The opinion of the court was delivered by: Greenaway, Jr., U.S.D.J.
This matter comes before this Court on respondent Alberto Gonzales' ("Respondent") "Motion for Reconsideration, in Response to Motion for Stay of Removal and Other Relief" (Docket Entry No. 5) and "Motion to Dismiss the Petition" (Docket Entry No. 5). Respondent contends that this Court's transfer of Mayaram Damodarshai Sadhu's, Kalpana Mayaram Sadhu's, Prutha Mayaram Acharya's, Samarth Mayaram Acharya's ("Petitioners") petition seeking the issuance of a writ of habeas corpus ("Petition") to the United States Court of Appeals for the Third Circuit should be reconsidered because the Court of Appeals does not have jurisdiction over this matter. Respondent also contends that the case should be reopened, since this Court lacked the authority to transfer the case to the Court of Appeals, and then dismissed, since this Court ultimately lacks jurisdiction over the Petition. For the reasons set forth below, the motion for reconsideration will be denied.
On June 13, 2006, Petitioners filed the Petition, seeking review of the decision of the Board of Immigration Appeals ("BIA") dated April 16, 2003, and of the BIA's August 28, 2003 opinion. By order dated August 25, 2006, this Court held that, pursuant to 8 U.S.C. §1252(a)(5), it lacked jurisdiction over the Petition and transferred the case to the Third Circuit Court of Appeals, pursuant to 28 U.S.C. §1631.
Respondent filed a motion for reconsideration on September 1, 2006. Respondent notes that section 106(c)*fn1 of the Real ID Act requires that all habeas corpuspetitions that were pending in a district court at the time of its enactment be transferred to the appropriate court of appeals. Respondent argues that it follows that all cases that were not pending on the date of the Real ID Act's enactment (May 11, 2005), may not be transferred to a court of appeals. As Petitioners' Petition was filed on June 13, 2006, after the Real ID Act was enacted, Respondent contends that this Court may not transfer the case to the Third Circuit Court of Appeals.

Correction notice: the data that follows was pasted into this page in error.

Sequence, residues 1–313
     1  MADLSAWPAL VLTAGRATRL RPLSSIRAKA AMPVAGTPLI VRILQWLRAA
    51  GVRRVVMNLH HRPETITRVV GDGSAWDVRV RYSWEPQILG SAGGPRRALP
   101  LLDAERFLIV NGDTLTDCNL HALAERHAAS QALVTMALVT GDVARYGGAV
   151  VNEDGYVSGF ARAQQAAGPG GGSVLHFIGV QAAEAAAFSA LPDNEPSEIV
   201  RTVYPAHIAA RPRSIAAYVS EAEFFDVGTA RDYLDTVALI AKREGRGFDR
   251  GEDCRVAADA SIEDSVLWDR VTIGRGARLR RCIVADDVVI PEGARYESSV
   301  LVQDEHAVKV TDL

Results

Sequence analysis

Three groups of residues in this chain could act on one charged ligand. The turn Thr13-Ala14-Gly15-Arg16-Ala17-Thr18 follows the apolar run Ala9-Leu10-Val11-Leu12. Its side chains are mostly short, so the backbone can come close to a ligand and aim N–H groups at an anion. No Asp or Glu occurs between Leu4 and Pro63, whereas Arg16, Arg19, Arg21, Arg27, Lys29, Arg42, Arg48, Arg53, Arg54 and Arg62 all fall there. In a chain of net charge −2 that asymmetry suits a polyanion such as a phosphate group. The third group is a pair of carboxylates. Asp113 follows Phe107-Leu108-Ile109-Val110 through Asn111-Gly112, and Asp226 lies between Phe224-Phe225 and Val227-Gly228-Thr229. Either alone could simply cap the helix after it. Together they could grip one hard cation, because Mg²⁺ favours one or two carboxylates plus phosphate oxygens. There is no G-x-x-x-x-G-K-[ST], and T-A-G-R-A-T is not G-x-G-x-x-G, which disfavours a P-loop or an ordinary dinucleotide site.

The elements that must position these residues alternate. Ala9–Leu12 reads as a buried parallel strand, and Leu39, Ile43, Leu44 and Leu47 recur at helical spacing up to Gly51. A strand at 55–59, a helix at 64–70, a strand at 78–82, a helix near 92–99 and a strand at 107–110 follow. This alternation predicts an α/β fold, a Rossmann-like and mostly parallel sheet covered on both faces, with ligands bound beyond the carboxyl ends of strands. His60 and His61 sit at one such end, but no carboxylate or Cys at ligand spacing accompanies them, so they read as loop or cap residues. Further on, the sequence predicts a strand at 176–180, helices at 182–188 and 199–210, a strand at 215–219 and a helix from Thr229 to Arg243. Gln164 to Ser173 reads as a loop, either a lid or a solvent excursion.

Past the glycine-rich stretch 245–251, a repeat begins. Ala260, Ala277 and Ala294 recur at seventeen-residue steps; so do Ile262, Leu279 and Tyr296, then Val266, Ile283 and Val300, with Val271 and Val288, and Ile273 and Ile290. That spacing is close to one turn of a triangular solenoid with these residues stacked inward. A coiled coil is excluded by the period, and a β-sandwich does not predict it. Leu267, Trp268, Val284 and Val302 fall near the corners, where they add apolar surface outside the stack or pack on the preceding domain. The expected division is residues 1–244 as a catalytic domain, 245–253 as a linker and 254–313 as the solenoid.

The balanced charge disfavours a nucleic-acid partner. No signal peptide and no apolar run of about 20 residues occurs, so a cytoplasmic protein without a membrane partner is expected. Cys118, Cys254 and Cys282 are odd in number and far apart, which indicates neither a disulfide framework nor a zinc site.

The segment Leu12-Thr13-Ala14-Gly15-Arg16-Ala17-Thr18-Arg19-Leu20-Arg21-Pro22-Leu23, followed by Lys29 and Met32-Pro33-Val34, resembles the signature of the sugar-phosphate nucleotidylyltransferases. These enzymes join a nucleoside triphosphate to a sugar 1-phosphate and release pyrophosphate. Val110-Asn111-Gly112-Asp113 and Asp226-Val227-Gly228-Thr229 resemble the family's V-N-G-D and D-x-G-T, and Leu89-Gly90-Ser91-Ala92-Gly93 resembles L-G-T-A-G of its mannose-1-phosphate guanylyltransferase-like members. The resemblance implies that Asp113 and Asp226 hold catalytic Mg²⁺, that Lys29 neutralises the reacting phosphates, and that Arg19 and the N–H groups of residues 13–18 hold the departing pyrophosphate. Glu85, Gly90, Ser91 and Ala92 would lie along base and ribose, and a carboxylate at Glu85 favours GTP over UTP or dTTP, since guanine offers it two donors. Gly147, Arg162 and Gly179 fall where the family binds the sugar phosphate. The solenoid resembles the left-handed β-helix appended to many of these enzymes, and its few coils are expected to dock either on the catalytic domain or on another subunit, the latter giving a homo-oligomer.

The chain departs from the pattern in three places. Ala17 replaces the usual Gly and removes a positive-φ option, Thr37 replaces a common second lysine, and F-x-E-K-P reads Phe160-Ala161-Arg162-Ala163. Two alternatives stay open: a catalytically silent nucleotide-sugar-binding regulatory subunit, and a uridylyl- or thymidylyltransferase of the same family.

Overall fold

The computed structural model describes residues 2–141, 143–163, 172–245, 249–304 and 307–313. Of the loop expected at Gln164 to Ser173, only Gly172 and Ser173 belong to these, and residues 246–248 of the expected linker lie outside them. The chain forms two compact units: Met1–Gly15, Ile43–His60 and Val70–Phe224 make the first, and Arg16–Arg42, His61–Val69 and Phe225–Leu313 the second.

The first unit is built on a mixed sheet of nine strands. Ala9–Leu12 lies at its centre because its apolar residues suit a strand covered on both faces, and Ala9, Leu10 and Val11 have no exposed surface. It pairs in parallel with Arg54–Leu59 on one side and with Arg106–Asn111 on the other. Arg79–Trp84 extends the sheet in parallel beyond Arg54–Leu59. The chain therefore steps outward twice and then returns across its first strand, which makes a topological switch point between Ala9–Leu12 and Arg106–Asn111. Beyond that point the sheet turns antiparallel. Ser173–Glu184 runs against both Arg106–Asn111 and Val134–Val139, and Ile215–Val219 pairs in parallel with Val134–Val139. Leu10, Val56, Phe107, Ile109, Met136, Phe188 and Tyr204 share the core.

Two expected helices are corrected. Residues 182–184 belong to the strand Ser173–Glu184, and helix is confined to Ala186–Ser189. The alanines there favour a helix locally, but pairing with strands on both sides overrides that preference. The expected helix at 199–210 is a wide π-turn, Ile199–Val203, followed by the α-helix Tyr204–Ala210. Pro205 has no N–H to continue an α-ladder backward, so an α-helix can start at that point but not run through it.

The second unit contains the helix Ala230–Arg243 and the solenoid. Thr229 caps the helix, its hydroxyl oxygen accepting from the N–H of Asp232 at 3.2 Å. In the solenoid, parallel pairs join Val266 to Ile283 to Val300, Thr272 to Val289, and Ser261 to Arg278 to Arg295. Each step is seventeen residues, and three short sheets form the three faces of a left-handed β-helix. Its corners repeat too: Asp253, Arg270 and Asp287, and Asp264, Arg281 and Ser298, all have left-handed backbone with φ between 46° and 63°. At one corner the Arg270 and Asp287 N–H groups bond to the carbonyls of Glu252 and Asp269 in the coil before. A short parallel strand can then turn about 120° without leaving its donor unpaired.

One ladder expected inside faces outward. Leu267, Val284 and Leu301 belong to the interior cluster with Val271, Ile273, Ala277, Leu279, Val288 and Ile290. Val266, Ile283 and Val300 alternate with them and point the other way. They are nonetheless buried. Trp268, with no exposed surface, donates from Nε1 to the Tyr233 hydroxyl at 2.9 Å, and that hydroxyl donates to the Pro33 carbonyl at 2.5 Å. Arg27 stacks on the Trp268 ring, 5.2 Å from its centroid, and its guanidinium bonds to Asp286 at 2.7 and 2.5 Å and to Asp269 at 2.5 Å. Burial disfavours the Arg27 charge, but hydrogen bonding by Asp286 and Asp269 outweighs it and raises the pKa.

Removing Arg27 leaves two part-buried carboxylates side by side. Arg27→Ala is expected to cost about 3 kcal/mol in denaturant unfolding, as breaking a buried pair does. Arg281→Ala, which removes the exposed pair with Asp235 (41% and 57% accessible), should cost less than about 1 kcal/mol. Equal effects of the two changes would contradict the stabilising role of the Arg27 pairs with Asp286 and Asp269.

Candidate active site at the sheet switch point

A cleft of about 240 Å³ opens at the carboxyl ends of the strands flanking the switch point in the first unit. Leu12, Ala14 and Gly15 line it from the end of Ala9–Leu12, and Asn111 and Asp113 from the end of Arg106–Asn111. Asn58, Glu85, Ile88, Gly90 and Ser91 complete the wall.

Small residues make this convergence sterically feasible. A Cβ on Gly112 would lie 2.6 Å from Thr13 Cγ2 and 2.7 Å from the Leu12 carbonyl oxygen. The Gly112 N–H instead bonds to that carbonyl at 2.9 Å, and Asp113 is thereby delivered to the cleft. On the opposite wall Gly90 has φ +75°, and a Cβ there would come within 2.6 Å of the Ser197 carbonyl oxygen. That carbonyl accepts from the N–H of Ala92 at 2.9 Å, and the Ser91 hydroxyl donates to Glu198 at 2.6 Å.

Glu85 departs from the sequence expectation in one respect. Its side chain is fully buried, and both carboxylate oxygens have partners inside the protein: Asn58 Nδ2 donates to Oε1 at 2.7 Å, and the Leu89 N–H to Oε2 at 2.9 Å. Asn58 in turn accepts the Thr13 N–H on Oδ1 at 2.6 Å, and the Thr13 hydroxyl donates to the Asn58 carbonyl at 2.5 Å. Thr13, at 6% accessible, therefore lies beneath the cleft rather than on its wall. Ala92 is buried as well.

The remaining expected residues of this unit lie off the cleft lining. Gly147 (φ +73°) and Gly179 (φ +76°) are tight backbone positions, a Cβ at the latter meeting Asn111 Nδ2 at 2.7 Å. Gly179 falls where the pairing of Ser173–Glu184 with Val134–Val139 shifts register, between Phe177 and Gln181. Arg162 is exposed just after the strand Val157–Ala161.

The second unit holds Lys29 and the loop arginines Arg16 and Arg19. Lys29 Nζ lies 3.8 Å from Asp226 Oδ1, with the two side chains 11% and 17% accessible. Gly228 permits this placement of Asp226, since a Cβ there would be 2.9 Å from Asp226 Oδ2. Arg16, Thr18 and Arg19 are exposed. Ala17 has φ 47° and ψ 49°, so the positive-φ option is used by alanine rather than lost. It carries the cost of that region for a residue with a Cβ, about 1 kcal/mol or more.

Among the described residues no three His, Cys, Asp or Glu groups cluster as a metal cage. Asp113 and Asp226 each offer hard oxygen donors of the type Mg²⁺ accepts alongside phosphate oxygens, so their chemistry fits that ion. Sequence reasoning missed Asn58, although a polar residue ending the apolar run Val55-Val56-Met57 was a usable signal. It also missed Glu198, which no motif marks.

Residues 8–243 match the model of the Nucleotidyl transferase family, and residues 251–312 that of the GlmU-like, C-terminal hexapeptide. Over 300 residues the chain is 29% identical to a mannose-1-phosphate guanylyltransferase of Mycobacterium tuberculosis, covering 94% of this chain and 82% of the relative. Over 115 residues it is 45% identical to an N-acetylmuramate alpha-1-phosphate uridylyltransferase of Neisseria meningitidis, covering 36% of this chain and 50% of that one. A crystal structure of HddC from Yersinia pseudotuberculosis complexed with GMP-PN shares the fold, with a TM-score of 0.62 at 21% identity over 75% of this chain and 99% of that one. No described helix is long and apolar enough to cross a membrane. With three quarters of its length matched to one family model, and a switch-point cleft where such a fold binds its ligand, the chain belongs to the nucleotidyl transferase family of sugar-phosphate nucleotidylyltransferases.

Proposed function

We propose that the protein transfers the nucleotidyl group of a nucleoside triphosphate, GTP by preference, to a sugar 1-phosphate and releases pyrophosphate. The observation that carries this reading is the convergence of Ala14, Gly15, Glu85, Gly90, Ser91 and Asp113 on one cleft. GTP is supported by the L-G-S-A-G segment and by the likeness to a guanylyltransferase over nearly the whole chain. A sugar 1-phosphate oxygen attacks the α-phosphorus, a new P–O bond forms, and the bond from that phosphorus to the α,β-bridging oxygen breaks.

Further, relying on the Third Circuit's opinion in Sadhu v. Attorney General of the United States, 166 Fed.Appx. 620 (3d Cir. 2006), and on the language of the Real ID Act, Respondent contends that the Third Circuit Court of Appeals lacks jurisdiction over the present petition and that the Petition should not be transferred to the Court of Appeals. Therefore, Respondent argues that the transfer order should be vacated and the case reopened before this Court.
Respondent also argues that this Court does not have jurisdiction over the Petition because the Real ID Act divested district courts of jurisdiction to review removal orders. Real ID Act § 106(a), codified as 8 U.S.C. § 1252(a)(5); Hernandez v. Gonzales, 437 F.3d 341, 344 (3d Cir. 2006). Respondent contends that since this Court does not have jurisdiction over Petitioners' Petition, once the case is reopened the petition must be dismissed.*fn2
As Respondent did not indicate whether the motion for reconsideration was filed under Rule 59(e) or 60(b), both rules will be considered.
Rule 59(e) provides that "any motion to alter or amend a judgment shall be filed no later than 10 days after entry of judgment." The standard in reviewing a motion for reconsideration is whether there has been "(1) an intervening change in controlling law; (2) the availability of new evidence [not available previously]; [or] (3) the need to correct clear error [of law] or prevent manifest injustice." North River Ins. Co. v. CIGNA Reinsurance Co., 52 F.3d 1194, 1218 (3d Cir. 1995). The "extraordinary remedy of reconsideration, pursuant to Rule 59(e) . . . is to be granted sparingly." A.K. Stamping Co., Inc. v. Instrument Specialties Co., Inc., 106 F. Supp.2d 627, 662 (D.N.J. 2000). "Only dispositive factual matters and controlling decisions of law that were raised but not considered by the Court on the initial motion may be the subject of a motion for reconsideration." Id.